Police hunt suspects who beat up firefighters at New Year

Police hunt suspects who beat up firefighters at New Year
Photo: Salzgitter police.
Police in a Lower Saxony are searching for suspects who allegedly attacked and beat up firefighters as they tried to respond to an emergency over New Year.

A volunteer fire brigade in the district of Thiede, Salzgitter was alerted shortly after midnight New Year’s Eve to a vegetation fire and designated members rushed to get to their equipment room, according to a post on their Facebook page.

But some revellers had decided to celebrate the New Year in the driveway to the fire station. When they saw the firemen approaching, rather than clear off the entrance, they started throwing firecrackers at them. 

Other volunteer firefighters, who happened to be celebrating New Year nearby, saw the anarchy and tried to get the revellers to move off the driveway.

But the partiers became aggressive and started to attack the two volunteers – aged 28 and 33 – who had asked them to leave.

The volunteer unit said that even as one of the firefighters was lying on the ground injured, they still kicked him. One person said “Oh, he is still alive.”

The brigade said that the two had to be hospitalized with broken bones and knocked out teeth. The 33-year-old suffered a broken ankle, police said.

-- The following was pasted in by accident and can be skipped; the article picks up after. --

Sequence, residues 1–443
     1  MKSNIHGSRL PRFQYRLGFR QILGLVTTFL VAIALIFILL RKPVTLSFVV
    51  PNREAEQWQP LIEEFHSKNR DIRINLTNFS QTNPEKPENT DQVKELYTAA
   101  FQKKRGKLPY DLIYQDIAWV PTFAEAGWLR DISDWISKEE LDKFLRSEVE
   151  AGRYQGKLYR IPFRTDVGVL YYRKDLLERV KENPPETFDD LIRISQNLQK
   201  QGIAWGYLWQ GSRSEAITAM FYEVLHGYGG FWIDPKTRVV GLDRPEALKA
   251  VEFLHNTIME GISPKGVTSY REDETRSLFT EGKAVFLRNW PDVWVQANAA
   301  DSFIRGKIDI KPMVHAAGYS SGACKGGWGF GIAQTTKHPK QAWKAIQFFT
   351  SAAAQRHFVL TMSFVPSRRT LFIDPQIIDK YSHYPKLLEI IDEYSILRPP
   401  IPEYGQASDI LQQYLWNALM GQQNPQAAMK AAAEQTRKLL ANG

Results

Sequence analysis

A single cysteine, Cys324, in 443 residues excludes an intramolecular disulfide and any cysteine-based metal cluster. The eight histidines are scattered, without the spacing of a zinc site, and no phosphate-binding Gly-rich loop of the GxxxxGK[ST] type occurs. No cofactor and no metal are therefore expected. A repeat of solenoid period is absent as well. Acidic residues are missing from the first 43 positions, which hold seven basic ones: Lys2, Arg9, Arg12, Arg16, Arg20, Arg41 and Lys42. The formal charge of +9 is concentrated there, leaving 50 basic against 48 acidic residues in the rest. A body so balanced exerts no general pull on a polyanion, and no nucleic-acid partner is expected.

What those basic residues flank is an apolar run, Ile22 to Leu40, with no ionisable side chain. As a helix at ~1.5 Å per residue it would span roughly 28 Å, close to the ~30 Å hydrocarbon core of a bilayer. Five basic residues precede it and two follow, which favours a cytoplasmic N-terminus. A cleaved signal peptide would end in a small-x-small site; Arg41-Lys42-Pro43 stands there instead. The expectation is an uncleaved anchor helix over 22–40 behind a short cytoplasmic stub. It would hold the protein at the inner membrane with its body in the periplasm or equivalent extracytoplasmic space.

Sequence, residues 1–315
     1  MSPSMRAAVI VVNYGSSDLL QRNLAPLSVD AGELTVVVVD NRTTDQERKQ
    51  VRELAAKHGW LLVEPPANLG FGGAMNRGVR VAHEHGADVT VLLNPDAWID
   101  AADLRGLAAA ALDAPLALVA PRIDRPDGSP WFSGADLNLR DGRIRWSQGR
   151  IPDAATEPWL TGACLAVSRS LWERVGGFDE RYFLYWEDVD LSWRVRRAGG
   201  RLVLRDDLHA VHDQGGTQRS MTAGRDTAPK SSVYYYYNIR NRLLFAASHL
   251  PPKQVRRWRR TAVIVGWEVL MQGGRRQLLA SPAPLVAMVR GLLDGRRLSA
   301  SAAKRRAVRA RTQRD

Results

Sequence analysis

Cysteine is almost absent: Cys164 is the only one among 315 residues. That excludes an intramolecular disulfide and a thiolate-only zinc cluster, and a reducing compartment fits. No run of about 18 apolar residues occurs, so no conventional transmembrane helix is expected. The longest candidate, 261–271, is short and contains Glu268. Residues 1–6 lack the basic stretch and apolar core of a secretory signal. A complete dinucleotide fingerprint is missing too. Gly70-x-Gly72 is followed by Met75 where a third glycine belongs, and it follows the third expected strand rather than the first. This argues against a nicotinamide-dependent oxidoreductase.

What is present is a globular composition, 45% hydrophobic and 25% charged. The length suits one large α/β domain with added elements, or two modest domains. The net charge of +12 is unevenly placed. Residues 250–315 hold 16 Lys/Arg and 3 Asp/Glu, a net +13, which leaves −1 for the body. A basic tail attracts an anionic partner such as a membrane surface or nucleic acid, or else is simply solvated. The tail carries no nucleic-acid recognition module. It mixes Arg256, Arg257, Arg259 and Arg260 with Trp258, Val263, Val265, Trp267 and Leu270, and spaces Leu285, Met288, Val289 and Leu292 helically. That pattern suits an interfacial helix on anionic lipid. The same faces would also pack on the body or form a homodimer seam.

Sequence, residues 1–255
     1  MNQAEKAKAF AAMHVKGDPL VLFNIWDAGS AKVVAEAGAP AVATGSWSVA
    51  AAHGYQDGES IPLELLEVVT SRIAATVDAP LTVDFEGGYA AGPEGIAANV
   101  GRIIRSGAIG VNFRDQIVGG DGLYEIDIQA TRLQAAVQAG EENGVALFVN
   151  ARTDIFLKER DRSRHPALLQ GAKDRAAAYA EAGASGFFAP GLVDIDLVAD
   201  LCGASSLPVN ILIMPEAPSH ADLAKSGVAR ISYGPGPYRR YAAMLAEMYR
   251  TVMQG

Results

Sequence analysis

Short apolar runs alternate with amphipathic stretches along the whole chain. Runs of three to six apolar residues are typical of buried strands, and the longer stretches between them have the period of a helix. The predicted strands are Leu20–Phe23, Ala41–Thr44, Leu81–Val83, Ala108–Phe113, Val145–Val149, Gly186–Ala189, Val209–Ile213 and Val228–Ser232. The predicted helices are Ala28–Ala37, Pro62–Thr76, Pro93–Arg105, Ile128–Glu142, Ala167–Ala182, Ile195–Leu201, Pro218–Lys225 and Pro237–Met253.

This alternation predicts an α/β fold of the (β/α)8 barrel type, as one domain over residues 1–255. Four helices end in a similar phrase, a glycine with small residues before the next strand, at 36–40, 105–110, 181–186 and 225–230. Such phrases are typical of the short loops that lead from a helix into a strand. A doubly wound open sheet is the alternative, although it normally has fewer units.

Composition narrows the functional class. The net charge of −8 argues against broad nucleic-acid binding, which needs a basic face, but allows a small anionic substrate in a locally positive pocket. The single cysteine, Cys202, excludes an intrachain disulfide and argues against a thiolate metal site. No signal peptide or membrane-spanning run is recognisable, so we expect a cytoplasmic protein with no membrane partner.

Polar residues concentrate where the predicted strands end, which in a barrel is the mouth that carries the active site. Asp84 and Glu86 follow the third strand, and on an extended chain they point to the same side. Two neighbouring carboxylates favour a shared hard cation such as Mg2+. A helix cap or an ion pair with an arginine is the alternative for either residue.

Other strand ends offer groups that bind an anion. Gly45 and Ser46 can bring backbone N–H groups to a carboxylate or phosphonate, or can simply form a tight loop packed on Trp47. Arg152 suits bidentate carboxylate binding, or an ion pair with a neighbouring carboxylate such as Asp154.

Police are already investigating one 21-year-old, who denies the accusations, and also say up to three others could be under suspicion. On Tuesday police released a sketch of one of the suspects and are asking for help to locate him.

He is described as being between 35 and 40 years old, between 165cm and 170cm tall and having a slim, fit body. His hair is gray, short and styled. At the time of the attack, he was wearing a black suit, white shirt and black dress shoes.

The Thiede volunteer brigade said that they hoped their comrades would get well soon.

“We have often suffered and accepted verbal and physical attacks, but this is now over,” the brigade wrote.
“When comrades of the fire station in Thiede must pay with their health in order to work for others, a breaking point has been reached.”
German Justice Minister Heiko Maas submitted a draft bill shortly before Christmas that would seek to more harshly punish those who attack police and rescue workers.